The do not have to wear masks in most public spaces anymore. In this surprising and sudden step toward normalcy, many people are rejoicing.that people who are fully vaccinated against COVID-19
“If you are fully vaccinated, you can start doing the things you had stopped doing because of the pandemic,” said Rochelle Walensky, the CDC director, in a media briefing on May 13. “We have all longed for this moment when we can get back to some sense of normalcy. Based on the continuing downward trajectory of cases, the scientific data on the performance of our vaccines, and our understanding of how the virus is spread, that moment has come for those who are fully vaccinated.”
This is a joyous announcement and a welcome turn of events, to be sure. However, there are some caveats to be aware of, which we explain here.
Who still needs to wear a mask in public?
Everyone who is not considered fully vaccinated should still wear a mask in public places, including outdoor spaces that are crowded, such as an outdoor concert or sporting event.
This means you should wear a mask in public if:
- You have not received any doses of a
- You have received one dose of the or COVID-19 vaccine
- You’ve received both doses of your Pfizer or Moderna vaccine but haven’t passed the two-week post-vaccination mark yet
- You’ve received your dose of the vaccine but haven’t passed the two-week post-vaccination mark yet
Fully vaccinated people do not need to wear face masks in most public settings, according to the CDC.
Do vaccinated people ever need to wear masks?
Even vaccinated people still must wear masks in some settings. Yes, the CDC has stated that if you are fully vaccinated, you no longer need to wear a mask outdoors, as well as in most indoor spaces.
However, “this does not apply to public transit hubs or transit such as airplanes, buses and trains, and other crowded indoor settings, where all individuals must wear masks regardless of vaccination status,” says Dr. Andrea Love, immunologist, microbiologist and co-host of the Unbiased Science Podcast.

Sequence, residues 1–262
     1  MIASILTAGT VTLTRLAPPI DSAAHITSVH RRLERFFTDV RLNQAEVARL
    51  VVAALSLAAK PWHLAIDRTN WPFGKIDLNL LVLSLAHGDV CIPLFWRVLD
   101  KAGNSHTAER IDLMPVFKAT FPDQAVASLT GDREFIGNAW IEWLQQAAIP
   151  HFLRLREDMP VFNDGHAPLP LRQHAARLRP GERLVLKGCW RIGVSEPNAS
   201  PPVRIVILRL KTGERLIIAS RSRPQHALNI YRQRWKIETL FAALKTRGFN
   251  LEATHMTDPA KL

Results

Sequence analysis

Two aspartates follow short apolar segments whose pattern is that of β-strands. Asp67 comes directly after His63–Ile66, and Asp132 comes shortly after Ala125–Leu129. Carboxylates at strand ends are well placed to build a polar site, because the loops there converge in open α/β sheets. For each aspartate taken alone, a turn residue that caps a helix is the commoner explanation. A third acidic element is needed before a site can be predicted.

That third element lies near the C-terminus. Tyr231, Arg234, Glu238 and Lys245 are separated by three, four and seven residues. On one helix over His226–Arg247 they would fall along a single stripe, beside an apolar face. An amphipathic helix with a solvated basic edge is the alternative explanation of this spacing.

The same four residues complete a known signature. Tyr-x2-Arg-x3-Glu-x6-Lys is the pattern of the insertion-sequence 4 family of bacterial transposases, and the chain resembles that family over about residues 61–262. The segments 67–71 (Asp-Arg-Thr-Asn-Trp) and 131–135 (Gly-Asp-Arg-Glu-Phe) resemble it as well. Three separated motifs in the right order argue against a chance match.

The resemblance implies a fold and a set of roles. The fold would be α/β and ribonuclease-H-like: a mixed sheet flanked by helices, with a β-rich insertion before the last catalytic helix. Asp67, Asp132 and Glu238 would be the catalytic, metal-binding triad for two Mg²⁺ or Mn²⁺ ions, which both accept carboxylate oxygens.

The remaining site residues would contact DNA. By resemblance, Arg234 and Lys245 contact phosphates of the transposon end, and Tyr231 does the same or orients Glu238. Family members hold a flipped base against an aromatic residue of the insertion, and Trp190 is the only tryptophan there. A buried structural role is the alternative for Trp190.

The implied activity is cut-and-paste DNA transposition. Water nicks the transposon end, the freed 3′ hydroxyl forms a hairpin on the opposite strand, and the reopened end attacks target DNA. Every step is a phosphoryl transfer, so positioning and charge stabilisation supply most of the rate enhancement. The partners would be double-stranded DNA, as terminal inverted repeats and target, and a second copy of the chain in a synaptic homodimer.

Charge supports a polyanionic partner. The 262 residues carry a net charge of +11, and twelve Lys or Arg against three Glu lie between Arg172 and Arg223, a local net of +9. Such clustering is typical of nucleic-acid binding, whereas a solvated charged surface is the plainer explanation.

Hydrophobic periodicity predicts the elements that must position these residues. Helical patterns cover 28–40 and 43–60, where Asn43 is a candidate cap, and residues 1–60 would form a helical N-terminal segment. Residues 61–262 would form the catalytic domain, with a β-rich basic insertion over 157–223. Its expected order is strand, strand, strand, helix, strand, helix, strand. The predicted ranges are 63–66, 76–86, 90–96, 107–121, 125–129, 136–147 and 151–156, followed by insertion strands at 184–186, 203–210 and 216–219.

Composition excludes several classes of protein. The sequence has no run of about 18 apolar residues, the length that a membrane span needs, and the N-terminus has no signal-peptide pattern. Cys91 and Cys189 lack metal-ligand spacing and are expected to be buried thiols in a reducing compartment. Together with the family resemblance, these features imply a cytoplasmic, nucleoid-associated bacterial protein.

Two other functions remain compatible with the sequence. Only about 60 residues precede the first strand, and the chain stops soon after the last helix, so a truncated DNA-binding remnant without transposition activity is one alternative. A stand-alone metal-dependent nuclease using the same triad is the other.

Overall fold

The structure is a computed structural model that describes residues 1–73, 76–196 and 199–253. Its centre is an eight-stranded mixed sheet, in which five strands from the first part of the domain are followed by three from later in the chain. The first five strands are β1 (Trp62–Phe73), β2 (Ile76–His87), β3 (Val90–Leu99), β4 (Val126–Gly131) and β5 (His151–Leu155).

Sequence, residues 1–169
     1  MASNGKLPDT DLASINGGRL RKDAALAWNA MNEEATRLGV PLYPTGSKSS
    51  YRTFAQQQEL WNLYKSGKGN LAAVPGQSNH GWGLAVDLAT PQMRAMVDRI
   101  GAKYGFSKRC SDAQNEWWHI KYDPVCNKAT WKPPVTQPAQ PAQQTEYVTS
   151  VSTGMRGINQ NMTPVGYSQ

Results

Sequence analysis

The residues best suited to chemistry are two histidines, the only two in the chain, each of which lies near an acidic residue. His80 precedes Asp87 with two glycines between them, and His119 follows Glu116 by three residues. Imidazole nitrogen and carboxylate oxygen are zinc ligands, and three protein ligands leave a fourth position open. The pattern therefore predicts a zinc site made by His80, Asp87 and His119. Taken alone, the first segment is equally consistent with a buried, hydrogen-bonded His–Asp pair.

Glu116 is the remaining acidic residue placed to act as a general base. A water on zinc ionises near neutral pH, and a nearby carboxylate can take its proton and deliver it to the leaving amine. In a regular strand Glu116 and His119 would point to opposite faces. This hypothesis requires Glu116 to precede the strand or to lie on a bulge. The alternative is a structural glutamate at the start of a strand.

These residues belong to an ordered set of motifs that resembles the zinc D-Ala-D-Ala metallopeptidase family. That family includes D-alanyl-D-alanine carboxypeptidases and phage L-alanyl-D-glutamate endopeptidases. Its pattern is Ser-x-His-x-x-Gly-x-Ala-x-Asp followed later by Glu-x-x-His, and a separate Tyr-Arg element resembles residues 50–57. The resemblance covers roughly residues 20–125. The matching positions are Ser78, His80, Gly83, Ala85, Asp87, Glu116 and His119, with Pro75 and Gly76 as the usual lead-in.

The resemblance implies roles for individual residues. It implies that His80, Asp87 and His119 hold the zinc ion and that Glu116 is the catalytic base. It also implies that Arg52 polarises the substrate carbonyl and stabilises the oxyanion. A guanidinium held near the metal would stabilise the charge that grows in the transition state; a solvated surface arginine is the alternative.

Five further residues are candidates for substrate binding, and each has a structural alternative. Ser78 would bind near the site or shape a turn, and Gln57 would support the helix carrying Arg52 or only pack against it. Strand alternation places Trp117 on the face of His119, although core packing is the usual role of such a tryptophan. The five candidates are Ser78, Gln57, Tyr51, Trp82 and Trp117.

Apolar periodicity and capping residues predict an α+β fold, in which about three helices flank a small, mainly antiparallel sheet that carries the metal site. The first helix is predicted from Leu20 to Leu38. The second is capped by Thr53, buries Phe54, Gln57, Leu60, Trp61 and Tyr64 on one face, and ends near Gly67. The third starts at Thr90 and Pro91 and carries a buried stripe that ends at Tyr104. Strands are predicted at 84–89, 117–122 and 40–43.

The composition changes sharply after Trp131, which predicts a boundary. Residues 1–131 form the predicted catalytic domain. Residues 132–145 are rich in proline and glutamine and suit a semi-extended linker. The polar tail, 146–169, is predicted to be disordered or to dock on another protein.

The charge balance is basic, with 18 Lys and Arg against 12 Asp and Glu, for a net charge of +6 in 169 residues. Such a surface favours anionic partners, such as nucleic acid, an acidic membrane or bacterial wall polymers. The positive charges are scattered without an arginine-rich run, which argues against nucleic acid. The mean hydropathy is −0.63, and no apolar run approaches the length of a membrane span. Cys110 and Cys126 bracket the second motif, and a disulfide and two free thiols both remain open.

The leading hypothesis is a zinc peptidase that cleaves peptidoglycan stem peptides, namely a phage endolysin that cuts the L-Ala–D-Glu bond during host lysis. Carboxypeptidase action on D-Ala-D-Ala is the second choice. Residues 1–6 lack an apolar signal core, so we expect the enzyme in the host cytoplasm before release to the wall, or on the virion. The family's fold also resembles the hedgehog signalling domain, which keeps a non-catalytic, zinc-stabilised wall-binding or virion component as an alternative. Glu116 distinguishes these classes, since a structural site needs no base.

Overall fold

“This also does not apply to healthcare settings,” Dr. Love says. “Private businesses have the ability to implement their own mask policies as well [and] you need to continue to comply with mask-wearing based on other federal, state, local, tribal and business regulations.”
Is it safe to stop wearing masks?
“There are endless hypothetical scenarios with risk levels that vary based on a number of factors including group size, indoor or outdoor setting and duration of exposure,” says Dr. Jessica Steier, public health expert and co-host of the Unbiased Science Podcast. “Risks for spread of COVID-19 for unvaccinated people are affected by number of persons, proximity of persons, duration of exposure, presence or absence of masks, and ventilation.”
“As you add these contributing factors, even a previously low-risk activity can become higher risk. So if you’re unvaccinated, mask-wearing is critical, as is being cognizant of the types of interactions you’re having with others,” Steier says.
If you’re fully vaccinated, the CDC has deemed it safe to be maskless aside from a few especiallysuch as crowded indoor settings, Dr. Steier continues. While it is still unlikely that a fully vaccinated person will be infected, protection is not perfect. Think of this like wearing a seatbelt: A seatbelt is a tool that provides incredible protection from severe injury but is not a 100% guarantee of no injury. Face masks are the same.
Why vaccinated people still have to wear masks in some places
Remember, businesses and other public establishments are largely relying on the honor system here. Now that vaccinated people can enter most places without a mask, unvaccinated people are bound to take advantage of the new CDC guidance and stop wearing masks because there’s currently no way to tell who’s vaccinated and who’s not.